OsseoNews: What is the best material for accomplishing bone graft and ridge preservation at the extraction visit?

Dr. Horowitz: There are a number of materials that can accomplish socket preservation. One of the best materials for this type of procedure is Cerasorb (Curasan), a tricalcium phosphate synthetic graft material. After the tooth is extracted, Cerasorb is delivered into the extraction socket and then covered with a barrier for 3-4 weeks. This is a new material which I helped to develop.

OsseoNews: How do you prepare the Cerasorb for delivery?

Dr. Horowitz: You mix the Cersorb with blood from the surgical site which is drawn up in a bulb-pipette. You can also mix the graft material with CALMATRIX (Lifecore) which is a calcium sulfate bone containing bone graft binding material. This gives the bone graft material the consistency of soft putty and makes it easy to deliver, maintain in the socket and at the same time enhancing its biologic activity with calcium sulfate.

OsseoNews: What kind of barrier do you place over the Cerasorb bone graft?

Dr. Horowitz: The selection of the barrier depends on the circumstances. Frequently I use CalForma (Lifecore), a putty-like formulation of calcium sulfate which sets even in a bloody field and sets over the graft material. In other instances, a non-expanded Teflon barrier membrane like Cytoplast (Osteogenics Biomedical) or TefGen (Lifecore) is placed over the graft. These can be easily adapted over the graft site, tucked under the periosteum and then the gingival tissues are sutured into place. These materials do not require primary closure which saves a great deal of time and effort. When you are ready to remove the barrier, you can do this without local anesthesia or a second surgical procedure. They come out more easily than removing a suture.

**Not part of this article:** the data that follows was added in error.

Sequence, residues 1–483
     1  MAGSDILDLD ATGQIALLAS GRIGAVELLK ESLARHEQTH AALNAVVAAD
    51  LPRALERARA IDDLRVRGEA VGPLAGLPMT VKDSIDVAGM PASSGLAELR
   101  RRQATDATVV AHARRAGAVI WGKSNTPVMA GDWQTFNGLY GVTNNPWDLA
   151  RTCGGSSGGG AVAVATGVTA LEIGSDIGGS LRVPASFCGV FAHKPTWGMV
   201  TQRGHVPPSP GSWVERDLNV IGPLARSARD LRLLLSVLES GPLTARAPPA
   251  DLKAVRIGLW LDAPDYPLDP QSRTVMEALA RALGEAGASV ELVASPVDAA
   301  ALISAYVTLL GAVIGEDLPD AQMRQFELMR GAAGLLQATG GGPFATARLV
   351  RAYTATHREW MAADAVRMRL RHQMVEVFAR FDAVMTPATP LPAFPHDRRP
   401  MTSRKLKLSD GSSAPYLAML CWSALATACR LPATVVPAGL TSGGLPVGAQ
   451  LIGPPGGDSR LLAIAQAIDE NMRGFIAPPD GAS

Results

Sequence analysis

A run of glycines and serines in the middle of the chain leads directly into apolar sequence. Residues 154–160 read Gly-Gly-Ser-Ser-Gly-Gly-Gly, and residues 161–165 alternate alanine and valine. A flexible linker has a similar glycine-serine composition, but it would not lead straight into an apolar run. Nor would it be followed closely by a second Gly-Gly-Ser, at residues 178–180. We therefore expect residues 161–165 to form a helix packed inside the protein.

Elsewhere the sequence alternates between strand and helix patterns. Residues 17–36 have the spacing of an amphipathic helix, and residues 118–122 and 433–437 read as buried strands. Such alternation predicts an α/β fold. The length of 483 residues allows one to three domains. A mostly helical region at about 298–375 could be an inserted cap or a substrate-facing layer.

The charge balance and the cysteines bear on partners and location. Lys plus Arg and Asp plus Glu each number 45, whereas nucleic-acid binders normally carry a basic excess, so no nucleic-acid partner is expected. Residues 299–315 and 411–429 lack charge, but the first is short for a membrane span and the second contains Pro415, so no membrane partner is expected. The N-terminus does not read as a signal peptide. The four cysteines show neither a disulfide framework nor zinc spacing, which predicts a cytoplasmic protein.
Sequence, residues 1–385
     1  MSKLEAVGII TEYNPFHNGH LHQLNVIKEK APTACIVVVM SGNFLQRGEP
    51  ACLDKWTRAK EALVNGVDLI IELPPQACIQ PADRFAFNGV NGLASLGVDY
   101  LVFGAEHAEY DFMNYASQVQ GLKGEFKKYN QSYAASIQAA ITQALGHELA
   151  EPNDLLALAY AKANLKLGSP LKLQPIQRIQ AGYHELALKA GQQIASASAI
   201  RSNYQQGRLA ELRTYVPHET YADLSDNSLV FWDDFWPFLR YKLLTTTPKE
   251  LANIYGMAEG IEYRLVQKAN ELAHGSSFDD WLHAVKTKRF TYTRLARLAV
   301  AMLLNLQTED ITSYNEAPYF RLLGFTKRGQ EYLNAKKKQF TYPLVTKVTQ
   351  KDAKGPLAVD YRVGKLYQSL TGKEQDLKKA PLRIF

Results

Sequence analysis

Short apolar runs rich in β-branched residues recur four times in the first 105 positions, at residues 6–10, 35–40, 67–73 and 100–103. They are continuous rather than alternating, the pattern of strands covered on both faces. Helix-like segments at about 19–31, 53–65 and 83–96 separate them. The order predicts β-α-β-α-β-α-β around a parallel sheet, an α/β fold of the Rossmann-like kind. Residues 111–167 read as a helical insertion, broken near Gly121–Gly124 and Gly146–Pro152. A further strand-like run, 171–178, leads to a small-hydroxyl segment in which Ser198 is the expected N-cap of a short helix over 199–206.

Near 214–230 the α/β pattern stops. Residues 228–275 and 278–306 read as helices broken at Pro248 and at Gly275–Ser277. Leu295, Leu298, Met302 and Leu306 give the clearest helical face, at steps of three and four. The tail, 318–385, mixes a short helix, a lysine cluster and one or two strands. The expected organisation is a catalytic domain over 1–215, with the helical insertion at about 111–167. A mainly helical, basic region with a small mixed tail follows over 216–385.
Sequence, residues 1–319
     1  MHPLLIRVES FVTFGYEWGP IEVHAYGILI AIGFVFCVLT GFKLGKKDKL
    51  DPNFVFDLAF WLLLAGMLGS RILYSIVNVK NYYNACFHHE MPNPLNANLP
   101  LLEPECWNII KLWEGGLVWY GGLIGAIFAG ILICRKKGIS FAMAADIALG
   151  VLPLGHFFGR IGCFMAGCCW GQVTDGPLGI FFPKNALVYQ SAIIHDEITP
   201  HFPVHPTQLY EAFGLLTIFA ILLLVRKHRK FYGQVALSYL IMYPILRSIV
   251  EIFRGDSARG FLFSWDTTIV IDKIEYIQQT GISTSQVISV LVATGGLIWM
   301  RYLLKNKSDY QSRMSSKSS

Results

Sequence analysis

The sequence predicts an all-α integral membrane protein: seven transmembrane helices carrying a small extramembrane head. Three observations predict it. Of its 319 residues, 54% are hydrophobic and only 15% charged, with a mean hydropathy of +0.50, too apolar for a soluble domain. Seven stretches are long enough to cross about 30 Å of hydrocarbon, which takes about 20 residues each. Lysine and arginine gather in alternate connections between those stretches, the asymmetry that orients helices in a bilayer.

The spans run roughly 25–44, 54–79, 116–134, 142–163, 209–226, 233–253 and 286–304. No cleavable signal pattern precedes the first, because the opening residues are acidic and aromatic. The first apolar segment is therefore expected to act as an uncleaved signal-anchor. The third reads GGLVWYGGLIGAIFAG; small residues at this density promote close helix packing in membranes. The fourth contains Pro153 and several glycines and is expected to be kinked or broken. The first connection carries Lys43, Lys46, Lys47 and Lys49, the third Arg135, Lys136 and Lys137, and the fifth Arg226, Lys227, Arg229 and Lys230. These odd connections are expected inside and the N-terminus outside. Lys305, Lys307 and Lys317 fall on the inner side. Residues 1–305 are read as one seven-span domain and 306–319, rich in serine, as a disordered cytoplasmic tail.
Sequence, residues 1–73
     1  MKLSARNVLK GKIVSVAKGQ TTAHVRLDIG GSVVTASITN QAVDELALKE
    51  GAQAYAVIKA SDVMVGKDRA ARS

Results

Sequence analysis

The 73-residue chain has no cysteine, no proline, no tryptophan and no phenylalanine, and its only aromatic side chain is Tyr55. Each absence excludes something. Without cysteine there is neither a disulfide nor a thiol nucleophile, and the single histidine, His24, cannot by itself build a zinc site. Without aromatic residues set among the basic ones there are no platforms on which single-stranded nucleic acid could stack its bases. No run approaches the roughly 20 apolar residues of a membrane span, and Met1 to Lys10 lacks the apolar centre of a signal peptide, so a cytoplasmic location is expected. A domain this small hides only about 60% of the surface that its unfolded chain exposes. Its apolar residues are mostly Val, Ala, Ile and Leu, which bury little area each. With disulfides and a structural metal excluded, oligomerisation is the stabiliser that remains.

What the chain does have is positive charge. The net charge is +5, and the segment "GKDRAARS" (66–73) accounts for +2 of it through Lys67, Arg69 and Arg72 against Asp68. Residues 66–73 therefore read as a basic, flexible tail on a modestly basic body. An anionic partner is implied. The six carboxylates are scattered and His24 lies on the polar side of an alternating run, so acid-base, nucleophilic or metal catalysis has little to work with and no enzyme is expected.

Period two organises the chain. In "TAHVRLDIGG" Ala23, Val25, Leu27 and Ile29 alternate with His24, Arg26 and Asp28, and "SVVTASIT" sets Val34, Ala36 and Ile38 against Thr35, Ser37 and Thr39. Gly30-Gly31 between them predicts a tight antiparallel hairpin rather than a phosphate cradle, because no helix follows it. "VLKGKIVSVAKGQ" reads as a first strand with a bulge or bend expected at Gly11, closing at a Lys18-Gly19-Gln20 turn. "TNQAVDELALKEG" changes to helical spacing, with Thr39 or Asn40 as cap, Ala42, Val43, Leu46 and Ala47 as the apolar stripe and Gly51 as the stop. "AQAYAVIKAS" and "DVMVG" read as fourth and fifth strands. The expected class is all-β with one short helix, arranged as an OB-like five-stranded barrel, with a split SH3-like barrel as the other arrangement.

OsseoNews: How do you manage an infected socket? Suppose the tooth has an endodontic or periodontic lesion. Do you still place the Cersorb graft?

Dr. Horowitz: An infected extraction socket is not a problem. After extracting the tooth, the site of infection must be thoroughly debrided manually and possibly with the aid of a laser. After a thorough and vigorous debridement has been accomplished, the graft can be placed. The literature has clearly demonstrated that this can be done successfully.

OsseoNews: How long do you wait to re-enter the grafted area?

Dr. Horowitz: I wait 6 months to re-enter the grafted area. I want the graft to take and for healing to occur. Cerasorb is osteoconductive and a certain amount of time is necessary for new, vital bone to grow in the extraction socket. The grafted areas present with dense, healthy bone on re-entry. The Cerasorb material will resorb over time.

OsseoNews: Do you prescribe an anti-biotic regimen following grafting?

Dr. Horowitz: In most cases I will prescribe amoxicillin or clindamycin for 5-7 days post-operatively, beginning with the premedication dose recommended by the American Heart Association.

OsseoNews: What is the most frequent source of failure that you see with this kind of grafting procedure?

Dr. Horowitz: The most frequent error that I see is failure to isolate the surgical site. Contamination of the surgical site and graft material will likely lead to postoperative infection and failure of the socket preservation procedure. Additionally, if the surgeon who is going to place the implant fails to perform the extraction and grafting procedures, anatomic complications related to socket configuration and dehiscences/fenestrations may not be diagnosed. The areas of missing bone may delay socket healing and timing for implant placement should be adjusted accordingly.

Interview conducted by:
Gary. J. Kaplowitz, DDS, MA, M Ed, ABGD